Horn plugs

jofes

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Jul 23, 2014
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Listening to episode 109 of Tundra talk today, they get into the sealing of sheep horns and the lack of need to put in a plug. Being new to the world of sheep hunting, is this something that is commonly held as necessary or a good thing? Ive seen alot of sheep hunting videos and they normally end with the plugging process and they always make it look like a positive thing/something they are proud to do.

To those who have harvested sheep.

Do you like the horn plug?
 

Jimbob

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Smithers, BC
When the inspector put in the plug for the sheep in my profile pic he did a bad job. It was sticking up a 1/4" and looked horrible. I went home, removed it and drilled it out better and installed it just below flush. Two years later the same inspector did my son's stone ram and it was a good job. Once it is installed flush I don't mind it.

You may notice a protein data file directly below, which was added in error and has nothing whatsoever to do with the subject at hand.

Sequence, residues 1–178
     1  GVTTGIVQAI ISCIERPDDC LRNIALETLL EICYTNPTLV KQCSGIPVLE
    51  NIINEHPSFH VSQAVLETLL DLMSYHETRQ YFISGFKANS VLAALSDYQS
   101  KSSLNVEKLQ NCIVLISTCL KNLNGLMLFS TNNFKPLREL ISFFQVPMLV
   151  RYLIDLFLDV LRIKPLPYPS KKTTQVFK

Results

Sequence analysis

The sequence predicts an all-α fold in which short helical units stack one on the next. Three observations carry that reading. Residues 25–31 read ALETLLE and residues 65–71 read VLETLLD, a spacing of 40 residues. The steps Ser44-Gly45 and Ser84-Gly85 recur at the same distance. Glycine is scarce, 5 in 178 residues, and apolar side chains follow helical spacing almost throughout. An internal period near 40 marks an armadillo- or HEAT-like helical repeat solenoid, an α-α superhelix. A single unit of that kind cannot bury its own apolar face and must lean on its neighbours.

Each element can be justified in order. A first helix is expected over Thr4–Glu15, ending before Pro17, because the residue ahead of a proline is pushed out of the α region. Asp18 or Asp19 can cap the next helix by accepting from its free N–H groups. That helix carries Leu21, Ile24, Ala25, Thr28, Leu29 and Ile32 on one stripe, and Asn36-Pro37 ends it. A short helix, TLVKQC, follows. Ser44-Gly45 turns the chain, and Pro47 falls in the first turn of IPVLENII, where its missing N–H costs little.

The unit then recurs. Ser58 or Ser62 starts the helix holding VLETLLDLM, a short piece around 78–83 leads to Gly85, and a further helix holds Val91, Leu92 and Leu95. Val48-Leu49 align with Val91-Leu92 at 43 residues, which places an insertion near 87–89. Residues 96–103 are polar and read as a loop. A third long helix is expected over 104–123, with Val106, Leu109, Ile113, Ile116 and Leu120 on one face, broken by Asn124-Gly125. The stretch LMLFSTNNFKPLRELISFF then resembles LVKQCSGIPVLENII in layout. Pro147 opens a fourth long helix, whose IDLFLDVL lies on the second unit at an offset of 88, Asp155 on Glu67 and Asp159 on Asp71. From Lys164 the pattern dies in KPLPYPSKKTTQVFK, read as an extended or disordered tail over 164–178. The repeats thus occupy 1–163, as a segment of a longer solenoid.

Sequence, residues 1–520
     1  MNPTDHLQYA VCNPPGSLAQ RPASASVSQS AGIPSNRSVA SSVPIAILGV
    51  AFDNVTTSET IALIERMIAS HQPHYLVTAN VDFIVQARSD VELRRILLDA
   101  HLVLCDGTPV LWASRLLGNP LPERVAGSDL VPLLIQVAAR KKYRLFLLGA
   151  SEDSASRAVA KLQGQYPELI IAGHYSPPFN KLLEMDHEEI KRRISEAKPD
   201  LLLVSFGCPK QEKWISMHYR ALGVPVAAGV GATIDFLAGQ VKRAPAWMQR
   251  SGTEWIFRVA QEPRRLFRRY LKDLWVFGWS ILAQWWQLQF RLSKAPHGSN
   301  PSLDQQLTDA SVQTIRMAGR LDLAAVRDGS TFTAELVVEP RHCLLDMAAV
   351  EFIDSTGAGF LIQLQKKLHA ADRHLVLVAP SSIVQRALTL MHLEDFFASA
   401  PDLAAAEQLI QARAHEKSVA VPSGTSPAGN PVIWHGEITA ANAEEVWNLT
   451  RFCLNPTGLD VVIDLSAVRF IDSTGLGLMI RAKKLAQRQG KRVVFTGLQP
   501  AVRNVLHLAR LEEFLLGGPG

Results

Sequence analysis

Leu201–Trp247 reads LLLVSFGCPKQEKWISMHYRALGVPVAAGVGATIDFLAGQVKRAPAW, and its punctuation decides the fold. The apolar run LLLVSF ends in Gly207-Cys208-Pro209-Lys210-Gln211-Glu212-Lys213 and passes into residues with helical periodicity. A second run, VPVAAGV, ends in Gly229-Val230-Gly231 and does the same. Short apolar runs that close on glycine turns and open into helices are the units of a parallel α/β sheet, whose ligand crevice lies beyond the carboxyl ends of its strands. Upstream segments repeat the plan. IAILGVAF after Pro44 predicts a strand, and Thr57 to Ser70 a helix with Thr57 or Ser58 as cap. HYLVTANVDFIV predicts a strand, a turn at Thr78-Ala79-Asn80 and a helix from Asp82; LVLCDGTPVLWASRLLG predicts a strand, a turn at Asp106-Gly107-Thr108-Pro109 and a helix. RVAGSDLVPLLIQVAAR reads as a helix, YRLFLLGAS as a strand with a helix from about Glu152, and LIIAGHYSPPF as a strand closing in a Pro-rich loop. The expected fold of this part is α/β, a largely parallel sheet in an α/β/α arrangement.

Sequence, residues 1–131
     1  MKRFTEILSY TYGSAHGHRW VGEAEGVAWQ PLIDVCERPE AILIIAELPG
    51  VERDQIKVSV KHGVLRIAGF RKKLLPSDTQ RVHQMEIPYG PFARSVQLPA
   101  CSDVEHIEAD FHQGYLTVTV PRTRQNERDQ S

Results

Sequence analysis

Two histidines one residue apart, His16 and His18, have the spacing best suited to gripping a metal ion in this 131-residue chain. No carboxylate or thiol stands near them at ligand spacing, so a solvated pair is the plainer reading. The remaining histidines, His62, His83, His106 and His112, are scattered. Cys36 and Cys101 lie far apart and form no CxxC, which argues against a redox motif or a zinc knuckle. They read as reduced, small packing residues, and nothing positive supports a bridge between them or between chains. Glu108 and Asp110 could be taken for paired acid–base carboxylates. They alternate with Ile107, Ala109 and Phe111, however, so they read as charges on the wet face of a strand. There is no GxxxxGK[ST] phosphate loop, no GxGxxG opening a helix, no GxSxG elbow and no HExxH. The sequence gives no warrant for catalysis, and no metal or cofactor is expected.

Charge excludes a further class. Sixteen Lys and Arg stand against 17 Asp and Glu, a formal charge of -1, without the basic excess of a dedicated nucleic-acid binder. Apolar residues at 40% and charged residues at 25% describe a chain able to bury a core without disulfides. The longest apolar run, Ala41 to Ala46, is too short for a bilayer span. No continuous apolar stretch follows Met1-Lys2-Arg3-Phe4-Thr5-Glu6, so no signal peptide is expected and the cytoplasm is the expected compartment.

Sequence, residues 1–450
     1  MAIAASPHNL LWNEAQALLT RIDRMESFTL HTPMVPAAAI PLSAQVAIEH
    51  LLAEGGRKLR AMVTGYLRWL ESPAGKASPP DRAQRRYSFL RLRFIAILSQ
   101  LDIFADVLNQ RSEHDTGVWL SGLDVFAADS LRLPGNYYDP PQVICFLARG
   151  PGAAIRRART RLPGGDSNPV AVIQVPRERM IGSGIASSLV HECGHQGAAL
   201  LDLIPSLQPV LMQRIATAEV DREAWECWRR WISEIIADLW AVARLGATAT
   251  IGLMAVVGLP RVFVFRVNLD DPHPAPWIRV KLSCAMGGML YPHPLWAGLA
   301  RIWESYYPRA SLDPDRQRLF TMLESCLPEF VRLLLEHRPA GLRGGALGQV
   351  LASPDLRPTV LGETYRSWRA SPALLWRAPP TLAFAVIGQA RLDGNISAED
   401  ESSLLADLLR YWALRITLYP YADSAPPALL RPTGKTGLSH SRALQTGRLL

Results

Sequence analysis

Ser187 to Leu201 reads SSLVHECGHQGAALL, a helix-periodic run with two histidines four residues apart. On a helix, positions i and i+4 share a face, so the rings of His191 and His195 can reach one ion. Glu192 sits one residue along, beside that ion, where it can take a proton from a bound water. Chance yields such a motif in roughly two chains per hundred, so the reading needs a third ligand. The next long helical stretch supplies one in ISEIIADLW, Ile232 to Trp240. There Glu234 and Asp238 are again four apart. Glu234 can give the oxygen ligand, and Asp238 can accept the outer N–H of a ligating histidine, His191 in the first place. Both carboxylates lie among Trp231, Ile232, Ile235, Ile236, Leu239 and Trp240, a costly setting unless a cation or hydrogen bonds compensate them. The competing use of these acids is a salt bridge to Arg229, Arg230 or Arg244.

I am sure that everyone is VERY proud to have their ram inspected and plugged in the sense that everything is legal and good to go. Of the two rams I have been part of harvesting, there was a certain level of ever-present anxiety until it is inspected. There are some horror stories of great rams being confiscated then long court battles afterwards. Getting the plug in is almost like a sigh of relief and confirmation and everything you just accomplished, that's my feeling anyway.

Now, is it necessary? I'm not sure. I bring my mountain goat horns to get inspected and they don't get a plug why not? Just a sheep thing that everywhere does so we keep doing it? Does it help with catching poachers? Maybe.